Difference among Phone Numbers: Landline, Mobile, VoIP, Tollfree, National

Landline numbers operate on PSTN over copper phone lines. Remember our childhoods when we had a party line and the phone set was connected to a cable that connected through the wall of the room and from there through the phone lines on the telephone poles? Landline numbers are traditionally linked to a specific device like a landline phone set or traditional PBX. If people call your landline phone number, you will not hear your device ring if you are not near enough to it. As silly as that sounds, it’s true. If your landline phone number linked to a phone set at your office in Panama City, and you travel to Istanbul, you won’t receive made to it unless you pay your traditional phone company exhorbitant per minute charges for call forwarding.

Cell phone numbers (aka mobile phone numbers) operate over cellular networks through handheld devices.

VoIP phone numbers operate on VoIP networks. It is an identifier used to place phone calls. VoIP phone numbers look and act like regular phone numbers on the surface. The set of digits are spoken to or entered on a dial pad and then connect two or more people to talk. People carry their VoIP phone numbers with them no matter where they do in the world. VoIP phone numbers look, on the surface, like they are associated with a certain area code. To a VoIP network, there is not much difference among local, national or international numbers…because again, we note that you can received on your VoIP number no matter where you are on planet Earth. If you have a Tokyo, Mexico City, Bangkok, or Manhattan area on your VoIP phone number, people can dial any of those five VoIP phone numbers, and you will receive the phone call on the device that you have set for it to be received. You could be in Canberra, Paris, or Harari, and still receive that phone call.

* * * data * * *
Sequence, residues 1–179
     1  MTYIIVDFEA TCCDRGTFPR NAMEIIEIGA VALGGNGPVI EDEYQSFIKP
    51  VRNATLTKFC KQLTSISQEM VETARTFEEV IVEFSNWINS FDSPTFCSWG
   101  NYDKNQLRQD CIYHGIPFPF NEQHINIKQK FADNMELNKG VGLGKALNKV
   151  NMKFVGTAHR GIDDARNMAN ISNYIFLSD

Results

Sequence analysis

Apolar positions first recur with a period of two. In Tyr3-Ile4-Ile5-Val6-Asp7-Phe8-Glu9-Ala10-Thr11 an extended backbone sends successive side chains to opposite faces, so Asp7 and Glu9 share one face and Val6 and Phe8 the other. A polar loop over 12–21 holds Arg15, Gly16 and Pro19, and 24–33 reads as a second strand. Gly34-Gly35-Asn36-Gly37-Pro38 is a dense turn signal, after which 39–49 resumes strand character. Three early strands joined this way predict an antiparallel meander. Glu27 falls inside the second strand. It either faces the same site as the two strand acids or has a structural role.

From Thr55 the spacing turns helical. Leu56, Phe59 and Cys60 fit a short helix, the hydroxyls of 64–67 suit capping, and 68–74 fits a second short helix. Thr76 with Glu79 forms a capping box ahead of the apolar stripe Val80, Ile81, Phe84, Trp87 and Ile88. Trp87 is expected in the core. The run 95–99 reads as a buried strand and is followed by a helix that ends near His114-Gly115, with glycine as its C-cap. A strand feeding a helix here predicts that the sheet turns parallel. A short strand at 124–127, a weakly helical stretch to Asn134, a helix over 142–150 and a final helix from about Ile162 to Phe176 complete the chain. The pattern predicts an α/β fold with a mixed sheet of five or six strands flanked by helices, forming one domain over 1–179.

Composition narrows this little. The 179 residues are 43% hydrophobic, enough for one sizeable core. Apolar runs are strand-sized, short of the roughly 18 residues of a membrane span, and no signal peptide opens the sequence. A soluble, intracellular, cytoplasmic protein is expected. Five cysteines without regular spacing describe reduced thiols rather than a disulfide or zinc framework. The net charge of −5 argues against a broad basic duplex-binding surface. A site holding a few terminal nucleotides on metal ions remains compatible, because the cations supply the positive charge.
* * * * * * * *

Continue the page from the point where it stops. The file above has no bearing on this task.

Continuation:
What’s so great about VoIP phone numbers is that incoming calls can ring on more than one device you own at at one time, so you can receive calls in the most convenient way for you. You an have VoIP phone numbers ring on an IP hard hand set, on a SIP client, on a mobile app, or on a special gadget meant for enabling you to receive phone calls on your laptop or tablet. Because VoIP numbers do not have to be linked to a specific area code or city, they are also called virtual phone numbers or virtual phone lines. VoIP numbers follow the “owner” wherever she or he go. This offers the highly empowering feature of mobility!